Don't Trip Yourself up While Buying a New Home
What's better than buying a bunch of new furniture to go in your future home? Not much. But making large purchases before your loan closes could be trouble. Keep in mind that until your keys are in hand, your lender is watching your accounts very closely. Here are some actions to avoid during the home buying process to assure your transaction goes well.
Don't buy big-ticket items. Although you will be dreaming of ways to turn your new home into a showplace, avoid big ticket purchases like appliances, electronics, or furniture. We also recommend that you stay away from vacations and vehicle purchases until the closing of your loan. Using credit cards to buy new living room furniture could compromise your loan process by distorting your numbers. It's even a red flag to make those large purchases with cash. Lending Institutions are examining your cash on hand when considering your loan.
Don't go on a career search. Lenders like to see a consistent job history on your application forms. Finding a new career (especially one with a bigger paycheck) may not jeopardize your ability to qualify for a loan. But in some cases, changing jobs during the mortgage application process could bring concern and affect your application.
Don't move money around or change banks. As your lending institution considers your loan application, you will likely be required to produce bank statements for the last few months for your checking and savings accounts, money market funds and other liquid assets. To detect fraud, lenders look for clear documentation of how you earn your money and where additional funds come from. No matter the reason, moving banks or moving money from one account to another might raise a red flag with your lender and slow your approval process.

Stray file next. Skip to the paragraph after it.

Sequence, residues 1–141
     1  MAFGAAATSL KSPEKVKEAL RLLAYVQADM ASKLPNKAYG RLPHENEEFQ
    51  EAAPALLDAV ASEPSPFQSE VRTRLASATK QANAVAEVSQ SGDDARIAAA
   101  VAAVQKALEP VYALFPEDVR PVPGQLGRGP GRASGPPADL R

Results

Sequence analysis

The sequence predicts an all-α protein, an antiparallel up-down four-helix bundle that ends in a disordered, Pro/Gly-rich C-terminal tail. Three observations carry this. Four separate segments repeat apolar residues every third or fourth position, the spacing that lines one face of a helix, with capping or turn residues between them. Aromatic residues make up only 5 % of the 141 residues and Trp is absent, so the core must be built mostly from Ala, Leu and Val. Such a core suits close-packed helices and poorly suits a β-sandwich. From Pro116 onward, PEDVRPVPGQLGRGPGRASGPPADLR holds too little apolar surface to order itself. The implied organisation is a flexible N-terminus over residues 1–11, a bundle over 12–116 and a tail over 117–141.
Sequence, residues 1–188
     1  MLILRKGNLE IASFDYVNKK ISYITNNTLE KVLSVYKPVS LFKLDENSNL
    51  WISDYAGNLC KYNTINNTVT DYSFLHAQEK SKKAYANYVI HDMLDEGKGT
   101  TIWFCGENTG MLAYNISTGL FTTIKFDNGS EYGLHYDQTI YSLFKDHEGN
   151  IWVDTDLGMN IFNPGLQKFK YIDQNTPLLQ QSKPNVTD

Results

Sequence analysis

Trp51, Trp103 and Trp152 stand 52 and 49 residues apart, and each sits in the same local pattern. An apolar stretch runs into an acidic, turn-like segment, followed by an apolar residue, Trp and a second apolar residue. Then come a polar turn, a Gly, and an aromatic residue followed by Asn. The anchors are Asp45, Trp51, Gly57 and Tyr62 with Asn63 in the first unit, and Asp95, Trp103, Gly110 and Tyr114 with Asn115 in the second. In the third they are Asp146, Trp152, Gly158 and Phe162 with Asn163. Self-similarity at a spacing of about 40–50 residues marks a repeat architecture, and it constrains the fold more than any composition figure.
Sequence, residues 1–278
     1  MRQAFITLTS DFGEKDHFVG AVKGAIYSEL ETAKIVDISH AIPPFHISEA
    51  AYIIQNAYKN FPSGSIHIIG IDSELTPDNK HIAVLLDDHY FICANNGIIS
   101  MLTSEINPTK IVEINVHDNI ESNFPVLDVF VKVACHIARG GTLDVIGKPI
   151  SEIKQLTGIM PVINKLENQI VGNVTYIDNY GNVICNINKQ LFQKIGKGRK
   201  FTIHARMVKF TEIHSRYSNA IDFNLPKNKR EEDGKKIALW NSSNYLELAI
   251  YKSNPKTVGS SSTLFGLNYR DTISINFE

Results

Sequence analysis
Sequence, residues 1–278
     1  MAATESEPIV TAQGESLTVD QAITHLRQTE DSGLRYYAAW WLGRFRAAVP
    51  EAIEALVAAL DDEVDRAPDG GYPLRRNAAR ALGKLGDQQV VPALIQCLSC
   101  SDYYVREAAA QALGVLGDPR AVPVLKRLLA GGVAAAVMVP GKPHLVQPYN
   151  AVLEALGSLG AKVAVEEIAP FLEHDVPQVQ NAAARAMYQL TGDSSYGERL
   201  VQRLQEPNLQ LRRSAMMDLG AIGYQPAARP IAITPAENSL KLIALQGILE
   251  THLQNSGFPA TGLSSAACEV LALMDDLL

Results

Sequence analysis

Don't give your FSBO (for sale by owner) seller earnest money, delivered to his door. Your earnest money does not belong to the seller: it remains yours until the sale closes. Although your FSBO seller may not realize this, any good faith funds must be used for the buyer's closing expenses. You'll need to put the funds into a trust account, or get an attorney to hold them until the deal closes. The disposition of earnest funds, in the case of a failed transaction, should be specified in the purchase agreement with the seller.
At Norcal Capital Group, Inc, we answer questions about this process every day. Call us at 6507631924.